atlas –   holds head up                                                              sternum                        body (=gladiolus)
             no body or spinous process                                                                                     xiphoid process
             “yes” movement of head
                                                                                             ribs: most joined to sternum by costal cartilages
        axis -- dens (odontoid process) – forms pivot
             “no” movement
                                                                                                          true ribs (7prs)

Thoracic (12):                                                                                            false ribs (5 prs)
                                                                                                               include floating ribs (2prs)
    distinguished by facets smooth areas for articulation of ribs

    each rib articulates at two places
      one on body of vertebrae
      one on transverse process


Lumbar              (5):

    short and thick spinous processes

    modified for attachment of powerful back muscles


Sacrum (5 fused):
    triangular bone formed from fused vertebrae

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Appendicular Skeleton                                                                        3. Forearm:
                                                                                                      very mobile; adds to flexibility of hand
A. Upper Extremeties
                                                                                                      consists of two bones: radius & ulna
    shoulder (=pectoral girdle)
    upper and lower arm                                                                               they are attached along their length by interosseous
                                                                                                        membrane
    wrist and hand
                                                                                                      ulna:
    1. Pectoral Girdle:
                                                                                                          main forearm bone
                                                                                                          firmly joined to humerous at elbow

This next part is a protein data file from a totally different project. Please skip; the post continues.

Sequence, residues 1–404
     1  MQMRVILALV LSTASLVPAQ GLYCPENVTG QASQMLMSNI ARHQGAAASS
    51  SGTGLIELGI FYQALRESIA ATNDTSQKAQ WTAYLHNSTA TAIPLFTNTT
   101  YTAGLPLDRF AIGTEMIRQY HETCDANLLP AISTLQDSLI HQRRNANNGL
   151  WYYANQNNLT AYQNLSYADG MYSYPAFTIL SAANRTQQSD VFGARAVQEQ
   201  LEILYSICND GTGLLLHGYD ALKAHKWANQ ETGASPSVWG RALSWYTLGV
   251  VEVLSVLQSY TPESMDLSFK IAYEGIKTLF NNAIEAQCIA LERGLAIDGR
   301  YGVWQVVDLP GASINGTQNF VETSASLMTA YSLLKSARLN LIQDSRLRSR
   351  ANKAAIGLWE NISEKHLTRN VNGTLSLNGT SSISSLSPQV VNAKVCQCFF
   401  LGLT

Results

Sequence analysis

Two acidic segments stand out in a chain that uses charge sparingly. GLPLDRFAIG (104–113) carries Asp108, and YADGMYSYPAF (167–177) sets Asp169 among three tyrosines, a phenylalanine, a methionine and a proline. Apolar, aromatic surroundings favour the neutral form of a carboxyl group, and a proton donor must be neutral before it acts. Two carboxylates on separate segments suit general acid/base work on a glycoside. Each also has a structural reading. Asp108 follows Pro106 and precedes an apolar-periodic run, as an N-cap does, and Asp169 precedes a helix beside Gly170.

scapula & clavicle                                                                           large process = olecranon process, extends behind elbow
                                                                                                             joint
                 only attached to trunk by 1 joint (between sternum and
                   clavicle)                                                                                       acts as lever for muscles that extends forearm
                     scapula is very moveable – acts as almost a 4th segment                          radius:
                       of limb
                                                                                                          more moveable of two
                          scapula rides freely and is attached by muscles and                             can revolve around ulna to twist lower arm and hand
                               tendons to ribs but not by bone to bone joint

                          extensive flat areas of scapula are used as origins for            4. Hand:
                            arm muscles and trunk muscles
                                                                                                      attached by muscles mainly to radius provides great flexibility
                     clavicle is the most frequently broken bone in the body,
                        sometimes even during birth                                                   large # of rounded bones (carpals) provide flexibility

                                                                                                          carpals allow movement in all directions
    2. Upper Arm: